WHEN are you due? I asked a PR professional last week, two months after she gave birth. In my defense, I was seated when she approached me and I looked up at her face, not at her tummy. She said it was obvious we haven’t seen each other for some time, while, involuntarily I think, patting her tummy.
A colleague looked horrified at the faux pas. Technology, I said to explain myself, failed me. I had emailed her just a few days earlier and got a vacation auto-reply about her being on maternity leave.
Had I been on Facebook, I would have known about her giving birth. But I have been mostly off the social network and didn’t know this.
Epic fail, indeed. My phone, I thought to myself, should have given me that piece of information.
Imagine this: as you head to a meeting, your phone automagically presents you a dossier of people you are scheduled to meet with by scouring data on social networks, e-mail communications, blogs and calendar items.
Or how about this: as you walk in a mall, your phone presents you with information on people, whom you do not know from Mark Zuckerberg, around you with context provided by LinkedIn, Facebook, Twitter and blog updates and data.
That isn’t far out. In fact, apps and services are already available to provide a rudimentary version of a system providing you ambient information on people, places, things and events.
For location, Foursquare and later, Swarm provided us updates on where our friends are.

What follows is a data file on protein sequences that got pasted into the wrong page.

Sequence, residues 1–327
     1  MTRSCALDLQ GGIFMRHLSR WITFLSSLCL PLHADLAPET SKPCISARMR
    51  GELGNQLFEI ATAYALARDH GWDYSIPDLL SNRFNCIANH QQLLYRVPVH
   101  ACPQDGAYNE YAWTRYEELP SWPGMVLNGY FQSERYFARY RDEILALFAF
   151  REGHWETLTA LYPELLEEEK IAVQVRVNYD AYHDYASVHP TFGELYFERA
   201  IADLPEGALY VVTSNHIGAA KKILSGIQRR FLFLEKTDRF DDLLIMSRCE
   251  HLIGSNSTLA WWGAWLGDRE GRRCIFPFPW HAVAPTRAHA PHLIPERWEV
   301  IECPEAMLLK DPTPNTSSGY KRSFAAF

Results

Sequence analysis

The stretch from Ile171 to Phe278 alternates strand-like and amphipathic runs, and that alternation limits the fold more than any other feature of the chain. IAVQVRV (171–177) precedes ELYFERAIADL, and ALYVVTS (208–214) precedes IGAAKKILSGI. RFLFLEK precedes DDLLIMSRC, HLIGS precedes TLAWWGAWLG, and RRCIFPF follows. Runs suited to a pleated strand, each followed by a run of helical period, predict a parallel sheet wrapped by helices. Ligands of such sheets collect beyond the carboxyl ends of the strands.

Apps like Rapportive provide contextual information on email correspondents. I can’t recall now for sure but one such service displayed the lovesick tweets of a reporter who emailed me her story. These were meant for her boyfriend but the service I used displayed it alongside her contact details to provide me contextual information. Too. Much. Information.
But that’s in our very near future—a future when information is widely available and delivered via mobile devices and wearables and in the context of space and time.
With developments like those, it is understandable for people to push for the “right to be forgotten.” The European Union, for example, allows people to petition for articles on themselves deleted from search engine records. Those who have been convicted of a crime and do not want this information to be widely available when people search for them can petition to have the data scrubbed from search engines in the EU.
But despite the move by the EU, technology will move such that information will become even more widely available and pervasive.
That will have profound implications on society, productivity and the way we do business. It will truly be — as the jargon de rigueur of our tech generation puts it — a disruption.
Now, if only I could assert my right for that faux pas last week to be forgotten.